Originally created 07/11/00

Track investigating second death

CONCORD, N.H. -- New Hampshire International Speedway is investigating its second death in as many months, and one critic said Monday that NASCAR should consider suspending races there.

Driver Kenny Irwin died Friday on Turn 3 while practicing for Sunday's New England 300. Driver Adam Petty died in a similar accident at almost the same spot while practicing on the 1.058-mile track May 12.

"There's obviously something wrong with that corner," Lauren Fix, a racing driver and director of a performance driving school at the Watkins Glen track in Watkins Glen, N.Y., said in a telephone interview Monday.

The track's owner, some drivers and a top NASCAR official disagree, noting the deaths were the first in NASCAR-sanctioned events at the speedway since it opened in 1990.

Kevin Triplett, NASCAR's director of operations, called the deaths a "tragic coincidence."

"When you look at the number of years we've run there, and you look at the number of laps and miles we've put on that race track ... it's not really fair to look at the track as an issue," Triplett said, also by telephone.

But Fix said she was surprised racing wasn't suspended after Petty's death.

"I'm hoping now that NASCAR will send some people up there and determine whether it should be sanctioned until something is done," she said.

"Do you still want people racing there until we know what's going on?"

Irwin's crash has prompted a NASCAR investigation, but Triplett said what caused the crash may not be known for months -- if ever.

Some in the racing community want NASCAR to look at the track's design and at its lack of foam safety barriers.

Irwin, 30, crashed into a concrete wall and was pronounced dead at the scene. He died of a crushed skull, the medical examiner said Monday. He had hit his brakes, suggesting to other drivers that his throttle was stuck open.

Critics say the track's tight corners and low banking make it tough for drivers to handle such situations. Owner Bob Bahre told The Boston Globe there is nothing wrong with the speedway, however.

"The track is fine," he said. "It was good for 10 years, and you have trouble one year. I think that should be the answer."

Not true, Fix said. She can't understand why, especially after Petty's death, the track didn't install foam barriers over its concrete walls. The foam absorbs some of the impact of crashes.

"Racing is dangerous, we all know that," she said. "But you can take precautions as the owner of a track to stop situations like this from happening."

NASCAR does not require tracks to use the barriers, though some tracks have had them for more than five years. Triplett said foam barriers break apart on impact, which can send debris flying into the paths of other cars.

"If someone hits a barrier and kicks the barrier out in front of everyone else who's not involved in the accident, what does that create? Who knows?"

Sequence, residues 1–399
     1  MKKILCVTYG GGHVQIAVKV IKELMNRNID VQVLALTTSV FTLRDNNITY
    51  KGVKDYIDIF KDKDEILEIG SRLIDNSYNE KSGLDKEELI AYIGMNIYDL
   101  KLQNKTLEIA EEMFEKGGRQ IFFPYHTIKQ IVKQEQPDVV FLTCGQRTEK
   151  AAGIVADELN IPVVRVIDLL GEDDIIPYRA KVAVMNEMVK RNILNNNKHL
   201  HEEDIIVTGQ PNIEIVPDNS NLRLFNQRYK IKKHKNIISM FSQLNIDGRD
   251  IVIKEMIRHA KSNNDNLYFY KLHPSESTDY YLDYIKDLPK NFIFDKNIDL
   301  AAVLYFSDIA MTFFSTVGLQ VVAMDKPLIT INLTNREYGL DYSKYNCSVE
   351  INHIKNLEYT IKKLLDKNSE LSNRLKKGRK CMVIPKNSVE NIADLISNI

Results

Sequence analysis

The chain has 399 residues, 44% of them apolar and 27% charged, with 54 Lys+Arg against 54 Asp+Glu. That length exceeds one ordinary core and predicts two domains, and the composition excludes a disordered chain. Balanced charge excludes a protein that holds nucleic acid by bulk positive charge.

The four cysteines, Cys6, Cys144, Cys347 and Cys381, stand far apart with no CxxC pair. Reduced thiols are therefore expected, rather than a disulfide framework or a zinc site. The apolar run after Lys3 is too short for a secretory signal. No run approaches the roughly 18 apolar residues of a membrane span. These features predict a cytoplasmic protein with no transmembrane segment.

A.K. Thurston, race operations manager at Watkins Glen, said his track has used the barriers for about six years and they have reduced injuries. He said the $50,000 to $100,000 annual cost is worth it.

"Any time there is a life involved, you can't put a cost on that," he said.

That's a sentiment shared by Winston Cup driver Rusty Wallace, who told the New Hampshire Sunday News that drivers are concerned about the lack of barriers at the New Hampshire track.

"I'd be lying to you if I told you there's not some concern there," he said. "I would hope after these two tragic deaths we've had that we can take a hard look at how to make the tracks safer."

Wallace speaks from experience. He smashed into a foam barrier at the Pocono 500 in Pennsylvania at about 200 mph this season and walked away. "I'm a real fan of these barriers," he said.

But Bahre said he isn't inclined to use them.

"Barricades would just blow all to pieces," he said. "All they do is just fly everywhere."

But if NASCAR recommends changes, Bahre will make them.

"If NASCAR says to me we want this done or that done, it will be done," he said.

Triplett said two safety changes NASCAR will consider as part of the investigation are engine kill switches and toe clips on accelerator pedals.

When a gas pedal sticks to the floor, a clip on the pedal could help the driver pull it up. Some drivers use clips, but NASCAR doesn't require them.

Engine kill switches are another way of dealing with stuck throttles. Most NASCAR cars have two of them, but drivers say they aren't convenient enough to use during the split-second available to get a racecar under control.

Irwin will be buried Wednesday in Indianapolis. The viewing will be tonight at Abundant Life Church.


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